who returned home with serious injuries after their post 9/11
service to our nation," explained James E. Williams, Jr., president
and chief executive officer of Easter Seals. "We are honored to help
these Veterans and their families."
Starting today, Family Caregivers and Veterans can apply for
services authorized under a VA interim final rule that was published
on May 5.
Eligible Family Caregivers of eligible post-9/11 Veterans will
receive comprehensive training developed by Easter Seals in
collaboration with VA clinical experts. It is part of a package of
new services that also include a monthly stipend, mental health
services and access to medical care under the Civilian Health and
Medical Program of the Department of Veterans Affairs (CHAMPVA), if
the primary Family Caregiver is not entitled to care or services
under a health plan contract.
Easter Seals has been helping people with disabilities and special
needs, and their families, live better lives for more than 90 years.
From child development centers to physical rehabilitation and job
training for people with disabilities, Easter Seals offers a variety
of services to help people address life's challenges and achieve
Family Caregivers of eligible post-9/11 Veterans will have a choice
of how to receive their training. Options will include traditional
classroom training, online learning or a correspondence course. All
Family Caregivers will be expected to complete training as part of
the preparation to start receiving other services under the new
program. The first training courses are expected to start in June,
and monthly stipends, which are backdated to the day applications
are formally submitted, could begin as early as July.
Veterans may download a copy of the Family Caregiver program
application at www.caregiver.va.gov. The application enables the
Veteran to designate a primary Family Caregiver and secondary Family
Caregiver support coordinators are stationed at 153 VA medical
centers and available by phone at 1-877-222 VETS (8387) to assist
Veterans and Family Caregivers with the application process.
Caregivers of Veterans from all eras are also encouraged to use the
website and support line to explore more than two dozen other
services VA provides Caregivers.
# # #
About Easter Seals
Easter Seals is a non-profit provider of services for individuals
with autism, developmental disabilities, physical disabilities and
other special needs. For more than 90 years, it has been offering
help to children and adults living with disabilities and to the
families who love them. Through therapy, training, education and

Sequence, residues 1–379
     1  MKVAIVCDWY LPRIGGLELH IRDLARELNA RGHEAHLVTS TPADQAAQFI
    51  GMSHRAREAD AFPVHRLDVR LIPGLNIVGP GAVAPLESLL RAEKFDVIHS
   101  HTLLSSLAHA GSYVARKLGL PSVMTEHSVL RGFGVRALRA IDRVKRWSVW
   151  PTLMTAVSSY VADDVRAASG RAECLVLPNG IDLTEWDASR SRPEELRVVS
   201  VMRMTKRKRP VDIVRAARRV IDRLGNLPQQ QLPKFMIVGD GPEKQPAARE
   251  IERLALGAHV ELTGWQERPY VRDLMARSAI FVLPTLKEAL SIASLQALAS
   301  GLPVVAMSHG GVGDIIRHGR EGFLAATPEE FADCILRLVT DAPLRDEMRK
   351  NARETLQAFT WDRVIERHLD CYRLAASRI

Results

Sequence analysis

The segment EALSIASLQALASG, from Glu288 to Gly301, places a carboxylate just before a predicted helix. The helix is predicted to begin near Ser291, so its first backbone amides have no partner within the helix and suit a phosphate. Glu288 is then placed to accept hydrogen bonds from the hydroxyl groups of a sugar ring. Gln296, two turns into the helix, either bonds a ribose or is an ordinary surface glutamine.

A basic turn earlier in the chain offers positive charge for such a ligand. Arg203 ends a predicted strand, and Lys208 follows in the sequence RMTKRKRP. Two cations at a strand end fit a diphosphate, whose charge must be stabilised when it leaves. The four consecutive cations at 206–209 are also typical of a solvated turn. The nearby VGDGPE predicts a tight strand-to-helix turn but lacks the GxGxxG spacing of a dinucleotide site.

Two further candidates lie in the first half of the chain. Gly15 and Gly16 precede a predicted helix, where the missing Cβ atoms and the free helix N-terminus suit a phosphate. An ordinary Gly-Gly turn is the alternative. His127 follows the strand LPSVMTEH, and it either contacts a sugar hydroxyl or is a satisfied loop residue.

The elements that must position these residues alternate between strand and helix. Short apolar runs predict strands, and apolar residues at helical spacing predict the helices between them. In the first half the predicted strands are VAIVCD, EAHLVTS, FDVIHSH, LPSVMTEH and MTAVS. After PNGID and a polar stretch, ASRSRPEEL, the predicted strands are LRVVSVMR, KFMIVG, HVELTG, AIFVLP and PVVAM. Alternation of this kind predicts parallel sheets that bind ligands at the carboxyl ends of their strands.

support services, Easter Seals assists people with disabilities to
live, learn, work and play. If you would like more information on
Easter Seals, visit the Easter Seals website at www.easterseals.com
Court says Congress and
president failed to help veterans
May 10, 2011
NEW YORK (Reuters) -
Accusing Congress and the president of neglecting to take
appropriate action to save veterans' lives, a federal appeals
court called for drastic improvements to the Department of
Veterans' Affairs mental health care system.
The 9th Circuit U.S.
Court of Appeals, in a 104-page decision issued on Tuesday,
cited the failure of the political branches to address what it
called the VA's "egregious problems" and "unchecked
incompetence" in delivering mental health services to veterans.
That failure, the
three-judge panel held, violated the veterans' due process
rights under the U.S. Constitution.
The court cited
examples of veterans with severe depression or post-traumatic
stress disorder having to wait over eight weeks for mental
health referrals, with some committing suicide in the interim.
veterans are on waiting lists for mental health care, the court
wrote, with no procedure for challenging the delays. The court
added that those delays can mean "the difference between life
and death," with an average of 18 veterans committing suicide
organizations, Veterans for Common Sense and Veterans United for
Truth Inc, had sued the VA in 2007 over the government's
"shameful failures" to care for wounded veterans. The California
district court dismissed the groups' claims, finding that the
court lacked jurisdiction to implement or meddle with the
agency's mental health plan.
panel comprised of 9th Circuit judges Alex Kozinski, Procter Hug
and Stephen Reinhardt acknowledged that the court's intervention
in the agency's affairs was an "extraordinary step" and one
better suited for Congress or the president.
In the opinion,
written by Reinhardt, the panel concluded that the political
branches had "so completely and chronically failed" to respect
veterans' rights that the court had to intervene.
"No more veterans
should be compelled to agonize or perish while the government
fails to perform its obligations," the opinion said.
The VA did not
immediately respond to a request for comment.
Heather Moser, a
lawyer for the veterans' groups, said the decision was